Too many companies are focused on their investors instead of people…

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Key takeaways:

“…one of the most important lessons of business school is pretty much wrong. All that stuff about focusing on shareholders? Forget it, says Kazuo Inamori, entrepreneur, management guru and Buddhist priest. Spend your time making staff happy instead.” …

“If you want eggs, take care of the hen,” Inamori said in an interview on Oct. 23. “If you bully or kill the hen, it’s not going to work.”

“The secret, as Inamori tells it, was to change employees’ mentality. Aftertaking the CEO role [of an airline] without pay, he printed a small book for each staff member on his philosophies, which declared that the company was devoted to their growth. He also explained the social significance of their work and outlined Buddhist-inspired principles for how employees should live, such as being humble and doing the right thing. This made them proud of the airline and ready to work harder for its success, Inamori has said.”

“Companies shouldn’t be ashamed to make profits if they’re pursued in a way that benefits society…”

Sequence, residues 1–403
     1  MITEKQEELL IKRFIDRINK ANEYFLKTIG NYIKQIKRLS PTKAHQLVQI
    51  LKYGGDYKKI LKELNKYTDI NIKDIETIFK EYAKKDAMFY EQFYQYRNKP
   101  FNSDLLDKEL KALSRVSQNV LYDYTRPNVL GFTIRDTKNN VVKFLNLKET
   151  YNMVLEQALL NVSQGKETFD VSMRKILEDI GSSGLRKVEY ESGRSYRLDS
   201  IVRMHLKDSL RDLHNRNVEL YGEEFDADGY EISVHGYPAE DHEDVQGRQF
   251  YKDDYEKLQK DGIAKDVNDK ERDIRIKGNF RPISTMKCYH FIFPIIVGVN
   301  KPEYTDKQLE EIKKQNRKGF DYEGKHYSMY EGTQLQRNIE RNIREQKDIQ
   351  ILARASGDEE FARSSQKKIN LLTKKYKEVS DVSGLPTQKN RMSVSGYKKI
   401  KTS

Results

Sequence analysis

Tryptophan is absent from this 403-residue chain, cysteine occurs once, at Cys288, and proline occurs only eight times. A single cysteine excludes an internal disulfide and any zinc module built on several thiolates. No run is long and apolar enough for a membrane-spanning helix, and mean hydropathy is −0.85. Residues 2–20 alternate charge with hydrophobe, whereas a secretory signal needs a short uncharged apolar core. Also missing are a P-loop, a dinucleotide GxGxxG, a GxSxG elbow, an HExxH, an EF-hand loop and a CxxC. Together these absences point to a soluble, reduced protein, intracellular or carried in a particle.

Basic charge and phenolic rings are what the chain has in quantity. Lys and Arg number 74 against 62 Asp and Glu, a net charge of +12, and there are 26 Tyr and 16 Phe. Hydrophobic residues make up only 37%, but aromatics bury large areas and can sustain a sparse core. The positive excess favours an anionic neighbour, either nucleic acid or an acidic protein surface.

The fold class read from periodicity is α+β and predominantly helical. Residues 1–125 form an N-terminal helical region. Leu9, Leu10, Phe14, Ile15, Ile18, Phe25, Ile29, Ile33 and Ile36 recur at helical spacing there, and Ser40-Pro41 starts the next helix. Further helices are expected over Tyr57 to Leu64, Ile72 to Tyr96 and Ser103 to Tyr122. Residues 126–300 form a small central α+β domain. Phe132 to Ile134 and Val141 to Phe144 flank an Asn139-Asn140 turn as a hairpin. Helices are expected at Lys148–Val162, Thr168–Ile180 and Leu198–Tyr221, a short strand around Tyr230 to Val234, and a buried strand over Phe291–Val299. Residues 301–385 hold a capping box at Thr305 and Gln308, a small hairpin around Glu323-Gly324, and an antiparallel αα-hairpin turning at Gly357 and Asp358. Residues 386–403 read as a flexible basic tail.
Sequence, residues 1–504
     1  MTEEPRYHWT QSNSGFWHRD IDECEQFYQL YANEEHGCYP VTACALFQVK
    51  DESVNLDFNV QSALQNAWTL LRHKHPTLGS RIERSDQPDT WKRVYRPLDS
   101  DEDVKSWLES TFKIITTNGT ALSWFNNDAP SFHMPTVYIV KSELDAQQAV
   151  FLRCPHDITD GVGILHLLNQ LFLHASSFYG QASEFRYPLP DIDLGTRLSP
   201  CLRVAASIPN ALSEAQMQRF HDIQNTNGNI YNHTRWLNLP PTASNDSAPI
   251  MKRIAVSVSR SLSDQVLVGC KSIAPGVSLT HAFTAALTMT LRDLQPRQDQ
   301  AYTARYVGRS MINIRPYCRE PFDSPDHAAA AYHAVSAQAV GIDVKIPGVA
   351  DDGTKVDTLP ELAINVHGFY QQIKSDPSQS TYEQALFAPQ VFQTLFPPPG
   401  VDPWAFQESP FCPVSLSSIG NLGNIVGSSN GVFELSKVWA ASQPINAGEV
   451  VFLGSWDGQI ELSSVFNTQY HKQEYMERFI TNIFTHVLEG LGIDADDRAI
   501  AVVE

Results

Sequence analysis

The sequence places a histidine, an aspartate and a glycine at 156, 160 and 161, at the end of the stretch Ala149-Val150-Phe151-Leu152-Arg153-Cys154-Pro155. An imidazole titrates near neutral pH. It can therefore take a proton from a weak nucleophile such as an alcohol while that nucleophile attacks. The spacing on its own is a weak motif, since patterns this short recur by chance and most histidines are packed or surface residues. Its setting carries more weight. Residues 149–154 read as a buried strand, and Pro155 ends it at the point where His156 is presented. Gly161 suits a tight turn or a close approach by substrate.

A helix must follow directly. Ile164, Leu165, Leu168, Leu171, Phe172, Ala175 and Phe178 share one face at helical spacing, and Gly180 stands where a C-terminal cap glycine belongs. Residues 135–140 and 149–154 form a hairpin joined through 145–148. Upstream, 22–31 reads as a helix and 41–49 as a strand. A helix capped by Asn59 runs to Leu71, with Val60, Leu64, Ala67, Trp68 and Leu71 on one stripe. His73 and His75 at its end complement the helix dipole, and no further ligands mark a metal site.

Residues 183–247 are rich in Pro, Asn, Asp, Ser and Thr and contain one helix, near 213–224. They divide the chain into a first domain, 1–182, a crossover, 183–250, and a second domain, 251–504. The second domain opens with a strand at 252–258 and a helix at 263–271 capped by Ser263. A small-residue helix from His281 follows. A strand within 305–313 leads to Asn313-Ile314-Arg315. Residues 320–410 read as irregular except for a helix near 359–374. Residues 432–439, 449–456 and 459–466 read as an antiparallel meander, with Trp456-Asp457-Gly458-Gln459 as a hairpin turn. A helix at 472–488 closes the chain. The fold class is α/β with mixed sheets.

Throttling, Netflix, Comcast and YOU

Throttling … yes it’s a word. Learn it. Know it. It can be a bad thing. And it’s a very possible thing for Lexington if TWC becomes Comcast.

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Throttling can mean selectively slowing down service for one particular type of web traffic or source. Imagine if your ISP decided which sites you got to see quickly and which sites they wanted to slow down.

Example: Comcast throttled speeds of Netflix content so much that the streaming movies and tv shows were barely watchable. It was such a problem that making news this week was a deal where Netflix just paid in a roundabout way for that to stop being a problem.

While some people are saying that this is simply paying Comcast to be part of Netflix’s CDN (content delivery network) which is a legit thing they could be paying for:

Others see the payment as a round about way to get Comcast to stop punishing Netflix for being a competitor to cable tv:

Either way you look at it, “the deal ends a dispute that saw average Netflix streaming speeds decline on the cable giant’s network by nearly 30 percent in the past couple of months.”

It’s six of one and half dozen of the other.

But I’m in agreement with the quote at the bottom of the CNET article:

“It is clear that residential ISPs should be in the business of charging their users for access the Internet, not of charging the rest of the Internet for access to their users.”